Isometric Tendon Exercise & The Role it Plays

 In Tendon Conditions

Isometric Tendon Exercise & The Role it Plays  

At POGO Physio we frequently get asked ‘what exercises do I need to do to help get my tendon pain under control?’.

This blog post will answer this question as it is going to explore the use of isometric exercises in the treatment of tendon pain.

 Tendon Injuries 

Tendons are the structures in the human body that connect muscles to bone. There job is to transfer the energy produced by muscular contractions onto the body’s skeleton. In effect producing movement of the body.

There are number of things that can cause tendon pain (for example poor running form, sudden increases in exercise, prolonged overuse). When a tendon injury is sustained it unfortunately can be quite a slow process to resolve.  For a better understanding of tendon pain and tendinopathy click HERE.

What are Isometric Exercises?

 Isometric exercises, put simply are muscular contractions without movement of the joint. This means that the tendon is both elongating and retracting. Conversely, a contraction with joint movement is called and isotonic exercise.

At what point during my rehabilitation do I use isometric exercises?

Many people view isometric exercises as a ‘rite of passage’. That is they use isometric exercises as an indicator as to when they can progress to other exercises. While this may be useful to an extent; it is important to note that the starting point varies depending on your response to exercise.


Load intervention
Reacts for days to high load eg running Isometric load for pain
Reacts <2days to high load
Minimal pain with low load activity eg calf raises
Commence isotonic
<20% strength deficit
No reaction to power/energy store rehab e.g. hop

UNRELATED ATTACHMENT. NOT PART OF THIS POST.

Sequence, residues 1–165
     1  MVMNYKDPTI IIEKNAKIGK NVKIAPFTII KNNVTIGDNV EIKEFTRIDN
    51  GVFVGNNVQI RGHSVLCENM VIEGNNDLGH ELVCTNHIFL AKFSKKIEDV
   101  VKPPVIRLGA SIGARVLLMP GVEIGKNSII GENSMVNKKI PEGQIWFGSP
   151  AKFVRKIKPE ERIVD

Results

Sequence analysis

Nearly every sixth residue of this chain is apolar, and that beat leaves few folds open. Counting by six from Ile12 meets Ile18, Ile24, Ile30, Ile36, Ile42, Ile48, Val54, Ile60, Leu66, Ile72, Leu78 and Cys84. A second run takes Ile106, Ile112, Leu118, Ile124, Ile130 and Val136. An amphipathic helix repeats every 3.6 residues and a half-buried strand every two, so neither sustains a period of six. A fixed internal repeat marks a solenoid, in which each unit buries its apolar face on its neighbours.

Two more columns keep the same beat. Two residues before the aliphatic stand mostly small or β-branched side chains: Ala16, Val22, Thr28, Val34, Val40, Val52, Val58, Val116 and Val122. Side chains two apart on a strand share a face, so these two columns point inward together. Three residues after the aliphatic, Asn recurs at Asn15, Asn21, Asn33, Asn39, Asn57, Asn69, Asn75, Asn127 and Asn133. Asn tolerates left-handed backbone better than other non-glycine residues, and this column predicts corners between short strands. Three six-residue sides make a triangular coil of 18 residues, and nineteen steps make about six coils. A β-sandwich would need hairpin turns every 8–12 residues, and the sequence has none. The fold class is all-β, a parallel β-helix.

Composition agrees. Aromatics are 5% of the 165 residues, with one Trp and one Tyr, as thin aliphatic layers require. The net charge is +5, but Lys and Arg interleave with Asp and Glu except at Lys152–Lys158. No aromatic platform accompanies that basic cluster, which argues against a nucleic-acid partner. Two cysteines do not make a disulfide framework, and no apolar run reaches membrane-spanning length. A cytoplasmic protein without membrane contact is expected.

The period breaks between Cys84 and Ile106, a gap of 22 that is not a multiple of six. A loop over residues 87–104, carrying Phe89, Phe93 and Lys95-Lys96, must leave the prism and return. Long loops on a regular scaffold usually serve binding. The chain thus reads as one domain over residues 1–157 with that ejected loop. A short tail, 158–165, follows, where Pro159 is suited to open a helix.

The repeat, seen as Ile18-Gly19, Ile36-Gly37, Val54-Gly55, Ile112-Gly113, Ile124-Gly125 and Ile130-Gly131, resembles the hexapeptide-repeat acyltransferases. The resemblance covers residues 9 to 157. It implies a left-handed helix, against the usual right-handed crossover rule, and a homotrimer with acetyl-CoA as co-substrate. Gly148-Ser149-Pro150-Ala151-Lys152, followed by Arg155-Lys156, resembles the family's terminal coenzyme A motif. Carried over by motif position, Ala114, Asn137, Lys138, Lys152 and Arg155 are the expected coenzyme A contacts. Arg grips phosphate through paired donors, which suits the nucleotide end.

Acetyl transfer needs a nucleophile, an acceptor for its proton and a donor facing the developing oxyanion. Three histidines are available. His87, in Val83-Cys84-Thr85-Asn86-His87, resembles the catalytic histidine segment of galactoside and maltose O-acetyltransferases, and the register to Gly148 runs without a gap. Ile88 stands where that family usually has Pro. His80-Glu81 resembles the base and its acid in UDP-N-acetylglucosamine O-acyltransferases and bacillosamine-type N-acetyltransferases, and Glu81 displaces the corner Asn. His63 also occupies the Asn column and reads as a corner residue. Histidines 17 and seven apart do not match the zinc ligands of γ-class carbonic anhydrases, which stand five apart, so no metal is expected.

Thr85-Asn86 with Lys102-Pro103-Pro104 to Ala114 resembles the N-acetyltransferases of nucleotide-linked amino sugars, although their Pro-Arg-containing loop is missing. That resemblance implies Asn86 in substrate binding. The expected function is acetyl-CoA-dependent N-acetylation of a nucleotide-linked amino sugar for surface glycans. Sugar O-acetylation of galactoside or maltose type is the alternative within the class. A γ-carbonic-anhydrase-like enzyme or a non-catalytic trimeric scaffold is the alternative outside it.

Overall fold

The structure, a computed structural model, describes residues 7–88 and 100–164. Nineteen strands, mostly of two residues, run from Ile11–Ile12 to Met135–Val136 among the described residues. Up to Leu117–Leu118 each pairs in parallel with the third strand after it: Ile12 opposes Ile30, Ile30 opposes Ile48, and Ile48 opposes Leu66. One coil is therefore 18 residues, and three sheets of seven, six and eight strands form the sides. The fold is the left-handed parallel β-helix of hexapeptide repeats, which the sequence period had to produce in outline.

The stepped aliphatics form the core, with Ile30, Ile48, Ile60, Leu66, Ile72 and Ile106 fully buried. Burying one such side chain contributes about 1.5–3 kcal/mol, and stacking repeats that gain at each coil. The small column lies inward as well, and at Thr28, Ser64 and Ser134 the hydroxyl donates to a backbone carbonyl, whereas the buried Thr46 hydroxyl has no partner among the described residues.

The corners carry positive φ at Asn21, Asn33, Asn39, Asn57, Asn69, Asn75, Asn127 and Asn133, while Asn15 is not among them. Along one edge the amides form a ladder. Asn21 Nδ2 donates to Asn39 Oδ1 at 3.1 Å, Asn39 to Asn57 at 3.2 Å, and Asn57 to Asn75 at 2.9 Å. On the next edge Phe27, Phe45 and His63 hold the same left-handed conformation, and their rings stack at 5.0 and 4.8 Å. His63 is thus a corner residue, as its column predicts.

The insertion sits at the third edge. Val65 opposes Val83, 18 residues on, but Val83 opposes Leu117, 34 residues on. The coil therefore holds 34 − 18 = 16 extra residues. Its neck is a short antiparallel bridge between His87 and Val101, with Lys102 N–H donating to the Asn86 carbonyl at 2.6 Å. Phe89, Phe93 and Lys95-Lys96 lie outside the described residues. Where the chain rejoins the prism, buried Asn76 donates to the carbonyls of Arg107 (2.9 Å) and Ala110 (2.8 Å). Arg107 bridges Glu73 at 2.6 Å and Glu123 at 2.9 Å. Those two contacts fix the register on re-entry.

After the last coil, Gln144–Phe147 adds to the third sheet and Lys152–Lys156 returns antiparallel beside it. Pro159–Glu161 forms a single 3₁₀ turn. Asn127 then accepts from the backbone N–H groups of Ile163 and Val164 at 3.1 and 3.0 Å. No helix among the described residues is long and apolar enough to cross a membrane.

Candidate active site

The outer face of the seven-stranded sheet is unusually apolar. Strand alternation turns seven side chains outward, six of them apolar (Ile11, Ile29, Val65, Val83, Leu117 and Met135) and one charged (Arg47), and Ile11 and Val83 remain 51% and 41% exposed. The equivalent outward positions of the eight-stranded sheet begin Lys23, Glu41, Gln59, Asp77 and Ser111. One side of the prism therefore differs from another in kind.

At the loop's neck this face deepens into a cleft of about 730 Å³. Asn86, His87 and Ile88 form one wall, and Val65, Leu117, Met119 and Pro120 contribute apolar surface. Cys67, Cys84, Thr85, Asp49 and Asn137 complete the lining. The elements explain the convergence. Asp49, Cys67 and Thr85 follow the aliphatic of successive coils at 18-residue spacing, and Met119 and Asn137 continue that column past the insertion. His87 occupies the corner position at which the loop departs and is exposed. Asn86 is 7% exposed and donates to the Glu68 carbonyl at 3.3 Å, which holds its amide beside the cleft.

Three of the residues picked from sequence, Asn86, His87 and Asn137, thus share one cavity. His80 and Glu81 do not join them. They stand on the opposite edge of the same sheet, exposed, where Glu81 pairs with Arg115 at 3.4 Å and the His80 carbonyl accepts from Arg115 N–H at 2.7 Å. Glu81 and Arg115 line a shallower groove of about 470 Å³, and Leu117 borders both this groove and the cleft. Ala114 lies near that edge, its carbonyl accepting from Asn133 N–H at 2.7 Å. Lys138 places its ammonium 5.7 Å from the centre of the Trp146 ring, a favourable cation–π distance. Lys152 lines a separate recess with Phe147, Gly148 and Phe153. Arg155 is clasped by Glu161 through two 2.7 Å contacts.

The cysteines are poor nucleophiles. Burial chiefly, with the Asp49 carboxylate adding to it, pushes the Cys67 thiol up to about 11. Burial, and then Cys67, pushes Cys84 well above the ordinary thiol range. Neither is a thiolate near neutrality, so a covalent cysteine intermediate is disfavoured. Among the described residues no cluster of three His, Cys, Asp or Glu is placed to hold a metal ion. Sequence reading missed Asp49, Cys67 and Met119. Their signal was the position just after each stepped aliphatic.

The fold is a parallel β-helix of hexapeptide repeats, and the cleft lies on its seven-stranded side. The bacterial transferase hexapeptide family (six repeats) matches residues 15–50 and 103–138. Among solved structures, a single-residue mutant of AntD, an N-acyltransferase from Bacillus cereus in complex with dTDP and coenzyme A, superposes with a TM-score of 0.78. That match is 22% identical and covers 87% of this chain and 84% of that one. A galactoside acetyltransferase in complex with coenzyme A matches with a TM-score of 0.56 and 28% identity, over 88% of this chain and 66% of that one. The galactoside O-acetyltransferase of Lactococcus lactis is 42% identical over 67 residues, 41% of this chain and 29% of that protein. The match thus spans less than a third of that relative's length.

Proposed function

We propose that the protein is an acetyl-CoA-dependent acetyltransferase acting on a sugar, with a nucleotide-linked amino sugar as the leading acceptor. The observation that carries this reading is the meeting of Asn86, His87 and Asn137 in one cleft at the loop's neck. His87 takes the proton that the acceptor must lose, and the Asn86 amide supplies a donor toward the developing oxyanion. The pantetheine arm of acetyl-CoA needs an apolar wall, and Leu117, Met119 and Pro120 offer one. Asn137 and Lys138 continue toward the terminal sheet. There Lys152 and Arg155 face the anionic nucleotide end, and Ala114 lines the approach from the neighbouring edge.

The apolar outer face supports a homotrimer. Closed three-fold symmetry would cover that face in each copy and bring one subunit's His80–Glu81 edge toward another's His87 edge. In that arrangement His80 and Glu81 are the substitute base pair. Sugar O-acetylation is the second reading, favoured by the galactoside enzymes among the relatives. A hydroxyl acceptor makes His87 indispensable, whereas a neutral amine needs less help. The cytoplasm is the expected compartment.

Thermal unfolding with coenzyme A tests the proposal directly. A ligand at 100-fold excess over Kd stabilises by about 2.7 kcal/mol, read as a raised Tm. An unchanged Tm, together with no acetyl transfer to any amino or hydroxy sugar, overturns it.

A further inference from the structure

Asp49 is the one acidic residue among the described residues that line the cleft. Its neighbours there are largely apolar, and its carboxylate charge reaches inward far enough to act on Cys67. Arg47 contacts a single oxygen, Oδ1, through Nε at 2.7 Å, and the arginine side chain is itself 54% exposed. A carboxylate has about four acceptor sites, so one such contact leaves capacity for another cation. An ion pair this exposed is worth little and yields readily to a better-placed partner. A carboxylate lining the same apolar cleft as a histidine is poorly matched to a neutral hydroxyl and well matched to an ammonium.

Commence power & energy storage (functional)

FIG: Source: Complete Sports Care.

 Are there any exceptions to this rehabilitation chart?

Although this table is a good guide, there a number of instances where the above chart needs to be manipulated a bit to help attain the best rehabilitation outcome.

 If there is a significant compressive load on the affected tendon, then it is wise not to progress onto isotonic heavy load but rather straight onto more functional movements. For example, the insertion point of the Achilles tendon can be put under quite a lot of compression by the heel bone during heavy load isotonic exercises (such as calf raises). If you click HERE you can view our POGO Guru, Brad, demonstrating a terrific isometric exercise for your Achilles tendon.

Additionally, if the muscle has a big role to play in the stability of a joint, isometric exercises are favoured over isotonic exercises. This is because isometric exercises have been shown to be good in increasing body awareness in the affected tendon and muscle, hence making the joint more stable. A good example of this would be the peroneal tendons, a group of muscles that are involved heavily in stabilising the foot.

A note for people with stiff joints & osetoarthritis 

A final example is people with stiff joints. People with stiff joints (for example, people with arthritic joints), also benefit greatly from isometric exercises because it helps increase the tolerance load in a tendon even when the joint it acts upon has compromised range. Furthermore, people with joint stiffness from arthritis tend to be an older population and will benefit from isometric exercises as opposed to isotonic/functional exercises as it is easier to perform.

So in conclusion, never commence an exercise program for tendon pain without the advice of a physiotherapist as you may be causing more harm than good!

Alister Cran (APAM)



 1. Rio E, Kidgell D, Moseley L, et al: Exercise to reduce tendon pain: A comparison of isometric and isotonic muscle contractions and effects on pain, cortical inhibition, and muscle strength. Journal of Science and Medicine in Sport. 2013, e28

 2. Drew BT, Smith TO, Littlewood C, Sturrock B: Do structural changes (eg, collagen/matrix) explain the response to therapeutic exercises in tendinopathy: a systematic review. British Journal of Sports Medicine. 2012:bjsports-2012-091285

 3.Source: Complete Sports Care. Accessed: 09/04/2015

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